November 7, 2013
MINDANAOâ€™S perennial power woes are expected to soon be alleviated with an electricity trading platform set to start commercial operations before the end of the month.
A final regulatory hurdle involving an offer cap for the Interim Mindanao Electricity Market (IMEM) has been resolved, regulators noted in resolution published yesterday.
“[A]n offer cap… is hereby set at P32,000 per megawatt hour (equivalent to P32/kWh) and shall remain effective unless otherwise amended or revoked…,” the Department of Energy (DoE), Energy Regulatory Commission (ERC) and Philippine Electricity Market Corp. (PEMC) said in the resolution, which was signed last Oct. 7.
Mylene C. Capongcol, director of the DoEâ€™s Electric Power Industry Management Bureau, said that with the matter settled, “commercial operations of the IMEM will push through on Nov. 26.”
The objective, she explained, is to allow all available capacities to be offered in the market at a certain price.
“We expect that the distribution utilities (DUs) in Mindanao will utilize the IMEM so that we can address the power supply problems. These DUs will source the shortfall of their power needs from the market,” Ms. Capongcol said.
“So once the DUs already have enough supply for their customers, there will no longer be rotating brownouts in Mindanao.”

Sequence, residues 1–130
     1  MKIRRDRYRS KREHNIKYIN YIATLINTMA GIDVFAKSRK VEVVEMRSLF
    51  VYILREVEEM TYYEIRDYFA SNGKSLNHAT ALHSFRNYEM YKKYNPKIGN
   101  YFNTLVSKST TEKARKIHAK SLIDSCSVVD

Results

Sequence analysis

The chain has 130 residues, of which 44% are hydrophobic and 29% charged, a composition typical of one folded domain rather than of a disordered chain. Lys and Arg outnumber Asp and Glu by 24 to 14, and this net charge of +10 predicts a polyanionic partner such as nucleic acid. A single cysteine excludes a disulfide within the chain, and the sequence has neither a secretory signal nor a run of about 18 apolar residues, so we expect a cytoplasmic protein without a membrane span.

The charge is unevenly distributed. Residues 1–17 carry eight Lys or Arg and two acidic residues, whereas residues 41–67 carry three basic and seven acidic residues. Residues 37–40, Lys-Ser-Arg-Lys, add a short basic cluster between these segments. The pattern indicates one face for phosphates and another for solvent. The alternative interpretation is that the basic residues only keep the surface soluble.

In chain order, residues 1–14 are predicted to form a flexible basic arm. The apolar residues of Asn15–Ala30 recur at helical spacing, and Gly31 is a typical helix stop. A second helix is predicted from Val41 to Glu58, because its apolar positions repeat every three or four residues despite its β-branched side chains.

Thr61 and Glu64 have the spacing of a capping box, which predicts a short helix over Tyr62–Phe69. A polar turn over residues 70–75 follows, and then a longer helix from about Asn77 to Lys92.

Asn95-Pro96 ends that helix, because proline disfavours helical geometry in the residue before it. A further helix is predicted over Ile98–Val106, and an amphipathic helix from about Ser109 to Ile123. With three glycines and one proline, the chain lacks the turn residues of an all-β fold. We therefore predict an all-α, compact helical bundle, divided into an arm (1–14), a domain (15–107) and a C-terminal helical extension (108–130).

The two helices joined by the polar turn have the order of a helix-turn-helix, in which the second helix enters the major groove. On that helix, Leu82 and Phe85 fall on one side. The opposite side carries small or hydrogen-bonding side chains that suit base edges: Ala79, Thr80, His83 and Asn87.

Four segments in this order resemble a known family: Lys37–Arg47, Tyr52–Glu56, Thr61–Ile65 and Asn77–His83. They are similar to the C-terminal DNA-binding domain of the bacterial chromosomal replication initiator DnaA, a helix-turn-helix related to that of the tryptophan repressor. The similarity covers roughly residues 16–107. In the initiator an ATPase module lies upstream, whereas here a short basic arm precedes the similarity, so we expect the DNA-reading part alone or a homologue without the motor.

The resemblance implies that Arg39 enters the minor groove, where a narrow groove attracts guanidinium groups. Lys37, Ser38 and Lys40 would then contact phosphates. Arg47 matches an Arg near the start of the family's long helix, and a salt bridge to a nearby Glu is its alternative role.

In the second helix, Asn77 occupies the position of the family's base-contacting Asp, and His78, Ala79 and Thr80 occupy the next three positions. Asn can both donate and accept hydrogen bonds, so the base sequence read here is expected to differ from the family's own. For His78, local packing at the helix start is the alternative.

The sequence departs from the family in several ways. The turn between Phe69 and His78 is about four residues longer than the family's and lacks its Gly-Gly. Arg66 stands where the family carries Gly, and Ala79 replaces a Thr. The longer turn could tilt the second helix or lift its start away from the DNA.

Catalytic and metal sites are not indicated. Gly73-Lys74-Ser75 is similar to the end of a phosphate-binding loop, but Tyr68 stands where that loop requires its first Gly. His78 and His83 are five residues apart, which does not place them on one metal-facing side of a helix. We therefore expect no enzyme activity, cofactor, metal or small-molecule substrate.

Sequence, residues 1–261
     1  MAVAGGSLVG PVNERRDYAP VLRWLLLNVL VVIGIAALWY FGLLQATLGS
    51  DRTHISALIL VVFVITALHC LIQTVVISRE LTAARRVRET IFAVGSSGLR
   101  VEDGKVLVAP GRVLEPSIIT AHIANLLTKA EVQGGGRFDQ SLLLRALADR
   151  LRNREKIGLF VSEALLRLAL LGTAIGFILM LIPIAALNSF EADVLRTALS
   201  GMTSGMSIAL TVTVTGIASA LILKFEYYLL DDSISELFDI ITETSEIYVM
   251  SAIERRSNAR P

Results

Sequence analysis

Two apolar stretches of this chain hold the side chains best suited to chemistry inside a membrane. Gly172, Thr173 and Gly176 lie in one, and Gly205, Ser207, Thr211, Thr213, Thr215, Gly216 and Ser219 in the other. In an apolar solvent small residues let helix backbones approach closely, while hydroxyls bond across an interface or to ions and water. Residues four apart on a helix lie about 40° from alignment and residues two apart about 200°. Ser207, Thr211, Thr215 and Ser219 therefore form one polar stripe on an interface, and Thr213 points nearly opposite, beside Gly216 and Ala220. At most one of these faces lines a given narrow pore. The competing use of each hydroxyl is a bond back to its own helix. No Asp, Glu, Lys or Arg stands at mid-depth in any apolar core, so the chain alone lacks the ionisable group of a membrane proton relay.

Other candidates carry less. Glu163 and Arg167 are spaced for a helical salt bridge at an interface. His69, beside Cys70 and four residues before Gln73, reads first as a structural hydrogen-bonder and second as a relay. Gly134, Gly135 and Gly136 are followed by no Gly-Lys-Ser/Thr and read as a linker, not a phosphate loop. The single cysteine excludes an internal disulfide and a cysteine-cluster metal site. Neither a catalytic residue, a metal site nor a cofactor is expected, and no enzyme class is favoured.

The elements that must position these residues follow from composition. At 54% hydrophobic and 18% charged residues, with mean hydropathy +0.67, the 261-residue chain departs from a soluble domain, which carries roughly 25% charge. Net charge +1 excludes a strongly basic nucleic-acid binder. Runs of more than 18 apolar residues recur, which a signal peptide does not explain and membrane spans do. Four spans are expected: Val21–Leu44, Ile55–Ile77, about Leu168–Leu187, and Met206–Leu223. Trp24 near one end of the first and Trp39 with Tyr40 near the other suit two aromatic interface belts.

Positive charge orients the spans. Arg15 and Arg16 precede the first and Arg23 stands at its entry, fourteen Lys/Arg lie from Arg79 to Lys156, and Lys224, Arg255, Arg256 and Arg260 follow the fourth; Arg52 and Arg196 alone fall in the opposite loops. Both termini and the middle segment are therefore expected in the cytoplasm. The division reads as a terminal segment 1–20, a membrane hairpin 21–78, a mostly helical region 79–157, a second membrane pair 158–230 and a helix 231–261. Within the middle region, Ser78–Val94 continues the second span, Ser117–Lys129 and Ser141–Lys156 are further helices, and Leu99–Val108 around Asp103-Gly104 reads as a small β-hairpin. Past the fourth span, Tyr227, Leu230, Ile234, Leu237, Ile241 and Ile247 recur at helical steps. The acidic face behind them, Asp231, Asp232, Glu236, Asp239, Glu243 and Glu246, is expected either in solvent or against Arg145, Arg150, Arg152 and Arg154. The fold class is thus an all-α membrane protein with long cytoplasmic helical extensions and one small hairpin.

Ms. Capongcol stressed that “the cost of electricity that will be offered will not go beyond the price cap. We hope it will even be lower.”
The joint resolution said the DoE, ERC and PEMC would review the cap “three months from the start of the full commercial operations of the IMEM and as may be often as necessary to determine whether an adjustment is necessary under prevailing circumstances.”
PEMC President Melinda L. Ocampo separately confirmed that the offer capâ€™s approval “paves the way for the full commercial operations of IMEM.” Commercial operations, she noted yesterday, “will mark the start of the trading of electricity in the market.”
Initial IMEM operations last Sept. 26 aimed to familiarize participants with the daily trading operations.
The platform, seen luring power generators that previously refused to sell excess capacity because payments were not guaranteed, is expected to provide for an additional 200 megawatts of power.